The future is closer than we may think, especially when it comes to trucking. Numerous autonomous trucking companies have made great strides in their plans to transform the trucking industry. Whether or not this is a good thing is something that’s up for debate among drivers, who fear losing their trucking jobs. Without taking any sides, let’s look at the major players in the autonomous trucking industry.
Autonomous Trucking Companies to Look Out For
Tesla is at the forefront when it comes to autonomous trucking companies. In November 2017, the company unveiled its Class 8 electric truck, the “Tesla Semi.” This truck boasts numerous impressive features. Elon Musk, Tesla’s Chief Executive, notes that the truck is more aerodynamic than a two million dollar Bugatti Chiron sports car. As a result, the Tesla Semi will be able to accelerate from zero to 60 mph in 20 seconds, about 40 seconds faster than a typical diesel truck. Not only that, but the truck is capable of 500 miles of range at highway speed, fully loaded. The Tesla Semi will depend on a network of solar-powered megachargers, which are a future Tesla product and have not yet been deployed. According to Musk, production of these trucks will begin in 2019.
Embark completed a 2,400 mile trip from Jacksonville, Florida to Los Angeles with a fully autonomous truck in February. The company claims that this route was the first cross-country trip of its kind, with a driver behind the wheel and scheduled breaks. Embark also boasts that their company is the first to operate a self-driving truck in rain and rog, and to navigate highway transfers. The company currently has a fleet of five test vehicles, although they have plans to expand to 40 by the end of 2018.
Waymo, a Google spinoff company, is most well known for its driverless cars. However, earlier this year the company announced its intention to pilot a fleet of autonomous trucks in Atlanta. These trucks use the same custom-built sensors and software that also power the company’s self-driving cars. Waymo’s trucks will also feature customized radar and lidar sensors to navigate roadways. For now, Waymo plans to limit its deliveries to within its own corporate circle.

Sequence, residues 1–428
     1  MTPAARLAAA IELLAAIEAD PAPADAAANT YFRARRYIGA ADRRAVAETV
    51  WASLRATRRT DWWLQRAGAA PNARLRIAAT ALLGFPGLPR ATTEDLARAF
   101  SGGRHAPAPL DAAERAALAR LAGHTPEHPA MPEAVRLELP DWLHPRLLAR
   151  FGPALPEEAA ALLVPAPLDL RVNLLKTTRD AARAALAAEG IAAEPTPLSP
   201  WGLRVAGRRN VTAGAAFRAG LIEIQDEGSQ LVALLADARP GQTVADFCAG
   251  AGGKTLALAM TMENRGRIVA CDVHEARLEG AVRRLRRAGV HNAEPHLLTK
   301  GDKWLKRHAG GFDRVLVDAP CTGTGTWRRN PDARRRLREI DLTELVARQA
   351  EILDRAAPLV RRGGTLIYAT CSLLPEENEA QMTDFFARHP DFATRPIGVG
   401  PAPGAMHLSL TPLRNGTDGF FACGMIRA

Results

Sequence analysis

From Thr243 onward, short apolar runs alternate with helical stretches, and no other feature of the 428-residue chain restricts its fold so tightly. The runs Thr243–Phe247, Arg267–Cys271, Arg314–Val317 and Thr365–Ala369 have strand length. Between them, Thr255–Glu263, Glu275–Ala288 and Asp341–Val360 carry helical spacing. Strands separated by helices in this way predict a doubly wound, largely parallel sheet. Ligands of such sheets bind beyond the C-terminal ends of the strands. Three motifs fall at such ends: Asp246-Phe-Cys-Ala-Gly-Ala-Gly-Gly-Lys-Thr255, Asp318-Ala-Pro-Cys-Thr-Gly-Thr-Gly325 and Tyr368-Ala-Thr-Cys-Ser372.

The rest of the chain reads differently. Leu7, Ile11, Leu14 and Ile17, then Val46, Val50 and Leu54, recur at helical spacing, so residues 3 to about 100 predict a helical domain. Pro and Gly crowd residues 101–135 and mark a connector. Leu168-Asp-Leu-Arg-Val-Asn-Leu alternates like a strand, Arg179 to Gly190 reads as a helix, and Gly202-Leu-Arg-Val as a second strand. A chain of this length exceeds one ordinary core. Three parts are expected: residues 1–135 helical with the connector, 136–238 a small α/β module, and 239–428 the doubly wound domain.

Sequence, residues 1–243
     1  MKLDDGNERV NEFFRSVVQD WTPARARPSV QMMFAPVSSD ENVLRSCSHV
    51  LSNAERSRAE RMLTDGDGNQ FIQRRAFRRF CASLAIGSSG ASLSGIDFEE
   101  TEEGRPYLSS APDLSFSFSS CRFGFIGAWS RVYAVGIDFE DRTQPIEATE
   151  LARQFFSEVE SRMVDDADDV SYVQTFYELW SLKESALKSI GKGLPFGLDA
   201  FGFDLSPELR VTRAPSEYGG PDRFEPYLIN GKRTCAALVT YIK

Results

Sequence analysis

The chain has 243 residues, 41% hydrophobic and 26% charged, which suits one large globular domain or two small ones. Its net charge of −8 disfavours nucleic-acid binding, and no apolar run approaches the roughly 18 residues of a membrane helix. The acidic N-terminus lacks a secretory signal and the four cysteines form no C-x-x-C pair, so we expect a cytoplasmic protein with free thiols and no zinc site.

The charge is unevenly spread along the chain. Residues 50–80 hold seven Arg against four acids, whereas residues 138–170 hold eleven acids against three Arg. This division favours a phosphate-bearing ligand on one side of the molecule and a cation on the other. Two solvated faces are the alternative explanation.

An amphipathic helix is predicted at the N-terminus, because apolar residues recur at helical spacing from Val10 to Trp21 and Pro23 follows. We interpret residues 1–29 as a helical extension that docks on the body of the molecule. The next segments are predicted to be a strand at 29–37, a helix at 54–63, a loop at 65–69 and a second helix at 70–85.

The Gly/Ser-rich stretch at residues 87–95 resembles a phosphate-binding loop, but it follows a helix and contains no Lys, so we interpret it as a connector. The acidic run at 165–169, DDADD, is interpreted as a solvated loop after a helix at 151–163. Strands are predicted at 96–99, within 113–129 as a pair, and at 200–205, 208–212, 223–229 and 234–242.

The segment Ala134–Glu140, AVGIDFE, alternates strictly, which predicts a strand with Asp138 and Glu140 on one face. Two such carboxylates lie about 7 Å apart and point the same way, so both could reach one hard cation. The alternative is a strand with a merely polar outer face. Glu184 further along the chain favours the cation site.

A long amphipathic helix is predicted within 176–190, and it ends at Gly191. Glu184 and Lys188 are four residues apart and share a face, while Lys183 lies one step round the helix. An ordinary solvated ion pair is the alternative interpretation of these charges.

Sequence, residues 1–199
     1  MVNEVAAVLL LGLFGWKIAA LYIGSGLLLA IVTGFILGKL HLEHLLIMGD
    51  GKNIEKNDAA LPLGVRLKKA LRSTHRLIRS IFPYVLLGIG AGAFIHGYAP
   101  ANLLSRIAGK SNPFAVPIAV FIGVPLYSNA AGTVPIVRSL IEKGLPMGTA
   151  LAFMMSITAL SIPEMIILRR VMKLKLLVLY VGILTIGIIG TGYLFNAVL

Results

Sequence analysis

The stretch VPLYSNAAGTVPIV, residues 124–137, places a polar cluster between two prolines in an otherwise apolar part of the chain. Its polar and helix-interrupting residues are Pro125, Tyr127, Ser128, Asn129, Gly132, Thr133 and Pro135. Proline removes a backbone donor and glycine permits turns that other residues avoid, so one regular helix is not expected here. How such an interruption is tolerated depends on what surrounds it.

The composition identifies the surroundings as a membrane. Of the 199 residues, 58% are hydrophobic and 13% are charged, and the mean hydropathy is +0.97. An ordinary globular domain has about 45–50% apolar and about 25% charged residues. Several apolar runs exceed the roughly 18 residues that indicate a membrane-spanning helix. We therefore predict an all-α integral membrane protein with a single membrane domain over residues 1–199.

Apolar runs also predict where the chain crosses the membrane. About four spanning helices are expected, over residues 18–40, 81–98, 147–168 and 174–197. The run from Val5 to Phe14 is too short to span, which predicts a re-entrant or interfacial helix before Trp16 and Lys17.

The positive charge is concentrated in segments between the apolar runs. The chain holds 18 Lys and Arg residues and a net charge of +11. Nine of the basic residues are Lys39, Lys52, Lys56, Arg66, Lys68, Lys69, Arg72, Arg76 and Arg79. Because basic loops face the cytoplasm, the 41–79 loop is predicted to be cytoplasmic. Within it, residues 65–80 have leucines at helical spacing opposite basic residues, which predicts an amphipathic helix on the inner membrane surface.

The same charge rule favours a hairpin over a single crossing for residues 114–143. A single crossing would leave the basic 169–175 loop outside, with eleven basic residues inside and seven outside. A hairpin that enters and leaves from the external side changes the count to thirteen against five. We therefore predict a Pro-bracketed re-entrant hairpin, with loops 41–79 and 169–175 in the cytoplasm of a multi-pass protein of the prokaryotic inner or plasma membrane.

Otto, owned by Uber, showed off their truck with self-driving capabilities in October 2016 when a semi completed a 120-mile trip within Colorado. However, since then, Otto’s had a bit of a struggle. In February 2018, Uber settled a lawsuit with Waymo for $245 million after Waymo alleged that Otto was implementing their design in their trucks. The page on autonomous trucks is still live on Uber’s website, but it’s unclear what will happen down the road.
German auto company Daimler has also thrown its hat into the autonomous trucking ring. In 2015, the company developed an autonomous version of its Freightliner truck, called Inspiration. The truck is able to drive on a highway and stay in its lane and was the first autonomous truck licensed to operate in the United States. However, the truck is currently unable to enter or exit a freeway or pass slower vehicles. Nonetheless, it’s significant progress for one of the lesser-known autonomous trucking companies.
As the second half of Nikola Tesla’s namesake, Nikola is partnering with automotive supplier Bosch to develop two hydrogen-electric semi trucks. Nikola’s focus is less on autonomy and more on efficiency, as the trucks have an estimated range of 1,200 miles. Better yet, these trucks will allegedly have double the horsepower of any other vehicle on the road, while cutting emissions entirely. These two trucks, named the Nikola One and Two, are expected to be on the market by 2021.
Which of these autonomous trucking companies seems the most promising? Share your thoughts in the comments below!